Broken Flowers By Kate McQuaile
English | 2020 | Mystery & Thriller | ePUB | 2.7 MB
Your mother. The one person you trust. What if you’re wrong?
Widowed Nan is on her way to her beloved son’s wedding. She should be excited, but she is dreading her return to Paradise Place – a small area of Notting Hill that she hasn’t dared set foot on for decades. Nan had arrived there as a young girl in the late seventies, desperate for freedom and a career as an artist. But, drawn into a dark obsession that spun out of control, Nan was forced to flee.
And while the only thing seemingly connecting her son’s wedding and her old secret life is Paradise Place, Nan quickly gets the impression that someone is watching her every move . . . someone she thought was dead.
Between lifting the poker and smashing it down on his head, there must have been a moment when I thought about what was going to happen, about the consequences of a heavy metal object making contact with flesh and bone. But if there was such a moment, I don’t remember it. Nor do I remember having had any sense of a line about to be crossed, a line separating innocence and murder. The fact is that I have no memory whatsoever of that single moment – if it ever existed.
I’ve been good at shutting the memory of that night out of my mind – or, at least, good at slamming some cerebral door against it when it has pushed too far forward.
But there have been times when I’ve allowed the guilt to wash over me like a tidal wave until I think I’m going to drown. And there will be in the future. Maybe I’ll see someone who reminds me of him, and for a fraction of a second my heart will pound faster and I’ll feel my stomach churn. Or I’ll hear a voice that sounds like his. And then there’s that much deeper thing I dare not acknowledge. It lies below the surface. It will always be there.
I’ve rebuilt my life, reinvented myself. I’ve lied and I’m still lying. I no longer know the difference between what’s true and what’s false, what’s real and unreal.
But I know that I have rebuilt my life on an illusion, a pack of lies I told myself. I invented a new truth because it was the only way I was able to survive.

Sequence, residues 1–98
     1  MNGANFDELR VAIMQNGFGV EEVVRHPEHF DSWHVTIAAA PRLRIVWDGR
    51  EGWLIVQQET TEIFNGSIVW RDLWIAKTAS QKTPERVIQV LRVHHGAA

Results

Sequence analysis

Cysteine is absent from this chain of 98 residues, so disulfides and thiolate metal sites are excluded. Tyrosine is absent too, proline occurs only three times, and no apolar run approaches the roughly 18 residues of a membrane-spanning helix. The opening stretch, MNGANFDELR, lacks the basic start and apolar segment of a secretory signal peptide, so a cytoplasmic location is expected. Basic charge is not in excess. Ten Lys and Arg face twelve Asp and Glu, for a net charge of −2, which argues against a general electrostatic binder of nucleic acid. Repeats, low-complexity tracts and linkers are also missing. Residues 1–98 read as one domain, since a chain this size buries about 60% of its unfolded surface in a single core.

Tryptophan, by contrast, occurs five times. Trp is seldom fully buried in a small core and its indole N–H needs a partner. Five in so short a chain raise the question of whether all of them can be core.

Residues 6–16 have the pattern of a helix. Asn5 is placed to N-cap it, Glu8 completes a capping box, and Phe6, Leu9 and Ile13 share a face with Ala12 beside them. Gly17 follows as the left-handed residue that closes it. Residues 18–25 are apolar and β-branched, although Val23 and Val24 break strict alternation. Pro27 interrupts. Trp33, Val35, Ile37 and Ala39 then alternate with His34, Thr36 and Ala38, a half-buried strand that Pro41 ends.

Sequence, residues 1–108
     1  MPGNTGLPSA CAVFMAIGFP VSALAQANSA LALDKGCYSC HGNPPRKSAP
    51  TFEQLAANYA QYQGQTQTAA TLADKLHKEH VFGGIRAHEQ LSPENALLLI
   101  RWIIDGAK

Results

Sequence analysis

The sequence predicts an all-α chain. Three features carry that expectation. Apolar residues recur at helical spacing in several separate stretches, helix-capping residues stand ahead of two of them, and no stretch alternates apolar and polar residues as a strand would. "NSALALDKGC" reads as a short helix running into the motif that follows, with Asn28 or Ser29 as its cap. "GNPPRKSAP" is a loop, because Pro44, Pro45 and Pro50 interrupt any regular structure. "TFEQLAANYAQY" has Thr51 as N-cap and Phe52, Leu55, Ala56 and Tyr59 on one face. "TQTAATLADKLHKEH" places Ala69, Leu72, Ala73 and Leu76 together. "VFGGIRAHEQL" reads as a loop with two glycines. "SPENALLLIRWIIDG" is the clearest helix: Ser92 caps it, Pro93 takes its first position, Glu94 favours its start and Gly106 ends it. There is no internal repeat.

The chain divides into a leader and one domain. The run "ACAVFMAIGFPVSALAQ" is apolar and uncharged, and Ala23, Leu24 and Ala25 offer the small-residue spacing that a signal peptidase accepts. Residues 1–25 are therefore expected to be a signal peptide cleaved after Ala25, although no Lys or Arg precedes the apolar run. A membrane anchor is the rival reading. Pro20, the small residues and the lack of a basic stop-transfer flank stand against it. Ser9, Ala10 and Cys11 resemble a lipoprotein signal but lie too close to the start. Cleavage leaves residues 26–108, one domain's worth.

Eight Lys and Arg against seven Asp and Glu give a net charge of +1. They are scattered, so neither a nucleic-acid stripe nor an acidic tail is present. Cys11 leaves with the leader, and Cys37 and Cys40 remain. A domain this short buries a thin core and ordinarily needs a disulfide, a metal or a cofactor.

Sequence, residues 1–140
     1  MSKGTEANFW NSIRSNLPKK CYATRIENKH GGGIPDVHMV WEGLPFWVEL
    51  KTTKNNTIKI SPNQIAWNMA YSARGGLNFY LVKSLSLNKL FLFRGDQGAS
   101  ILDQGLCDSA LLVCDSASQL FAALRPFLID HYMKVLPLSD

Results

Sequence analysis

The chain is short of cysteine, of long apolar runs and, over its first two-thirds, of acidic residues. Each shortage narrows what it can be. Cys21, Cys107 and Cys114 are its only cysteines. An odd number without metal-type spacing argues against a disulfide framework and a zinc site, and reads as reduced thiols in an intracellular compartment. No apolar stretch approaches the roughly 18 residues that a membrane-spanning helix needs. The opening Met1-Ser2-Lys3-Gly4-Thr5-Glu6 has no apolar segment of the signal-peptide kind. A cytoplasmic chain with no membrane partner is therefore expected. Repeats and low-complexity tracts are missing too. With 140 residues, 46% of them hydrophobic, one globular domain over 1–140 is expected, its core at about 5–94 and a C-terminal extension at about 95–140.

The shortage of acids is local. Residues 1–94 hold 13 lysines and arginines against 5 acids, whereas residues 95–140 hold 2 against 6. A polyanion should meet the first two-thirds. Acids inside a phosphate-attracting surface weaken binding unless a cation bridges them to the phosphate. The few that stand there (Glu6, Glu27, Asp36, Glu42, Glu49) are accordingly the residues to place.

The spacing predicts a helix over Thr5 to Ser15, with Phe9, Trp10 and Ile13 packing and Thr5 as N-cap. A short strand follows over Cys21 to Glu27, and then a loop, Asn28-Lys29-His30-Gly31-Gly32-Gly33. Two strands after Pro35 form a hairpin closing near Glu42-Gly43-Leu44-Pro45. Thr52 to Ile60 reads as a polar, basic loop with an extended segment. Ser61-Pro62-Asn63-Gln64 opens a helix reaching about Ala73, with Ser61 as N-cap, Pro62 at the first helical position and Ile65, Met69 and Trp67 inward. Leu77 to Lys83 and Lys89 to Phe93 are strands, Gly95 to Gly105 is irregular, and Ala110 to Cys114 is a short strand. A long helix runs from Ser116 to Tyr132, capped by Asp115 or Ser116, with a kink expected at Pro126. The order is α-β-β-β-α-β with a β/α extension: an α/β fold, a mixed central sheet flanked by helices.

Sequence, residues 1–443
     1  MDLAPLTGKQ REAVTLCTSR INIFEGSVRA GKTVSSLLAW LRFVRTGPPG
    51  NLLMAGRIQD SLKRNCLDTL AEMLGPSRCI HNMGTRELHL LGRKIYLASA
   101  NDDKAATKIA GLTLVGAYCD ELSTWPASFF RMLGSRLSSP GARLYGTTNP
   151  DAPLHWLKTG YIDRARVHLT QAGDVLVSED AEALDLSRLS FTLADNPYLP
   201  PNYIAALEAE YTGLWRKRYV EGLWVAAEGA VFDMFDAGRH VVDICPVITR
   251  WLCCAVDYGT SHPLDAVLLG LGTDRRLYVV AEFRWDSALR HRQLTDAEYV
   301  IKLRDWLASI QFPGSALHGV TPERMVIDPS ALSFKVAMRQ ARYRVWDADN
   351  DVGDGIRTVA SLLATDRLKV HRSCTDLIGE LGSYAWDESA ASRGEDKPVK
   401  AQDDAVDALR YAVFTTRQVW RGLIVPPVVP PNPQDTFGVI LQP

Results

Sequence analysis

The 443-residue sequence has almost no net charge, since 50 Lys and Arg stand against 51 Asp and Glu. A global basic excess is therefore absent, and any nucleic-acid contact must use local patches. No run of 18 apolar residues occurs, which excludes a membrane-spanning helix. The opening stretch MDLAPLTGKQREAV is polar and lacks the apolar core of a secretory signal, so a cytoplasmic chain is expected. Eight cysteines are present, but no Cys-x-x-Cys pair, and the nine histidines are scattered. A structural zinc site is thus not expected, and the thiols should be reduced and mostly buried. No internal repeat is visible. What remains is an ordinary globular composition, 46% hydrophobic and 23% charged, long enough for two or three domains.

I realise that now as I walk down the short, narrow passageway that leads to the house I left four decades ago. The house where I became a murderer. Number 4 Paradise Place.
Earlier that day . . .
I’m sick with nerves and with longing. I haven’t seen him for two years, two long years, and now I’m on my way to London to see him marry a woman I’ve never met. The conflicting emotions that threatened to drown me when I first drew the stiff white card out of the envelope are back. They batter my heart and my stomach as every swerve of the speeding train takes me closer to my son, my beautiful, angry son who walked out of my life on the day we buried his father.
He has found love, and I should be happy for him. But I’m overwhelmed by a sense of grief and loss at having been excluded from all the events of the past two years that have led to his present happiness.
I wish I had been part of his getting to know this woman.
Over the years, I had glimpses into his romantic life. Sometimes he brought girlfriends to stay for weekends, and I saw several come and go. I liked most of them, and some of them I liked very much. But they rarely lasted longer than a few months and Chris and I began to wonder if we would ever see him settled.
The wedding invitation stands to attention in my open handbag. My hand slips into the bag and into the torn envelope. My fingers feel their way across the embossed wording that I now know by heart, the names that are etched into my brain. Arnaud and Alice Thomas. Marie-Laure Thomas.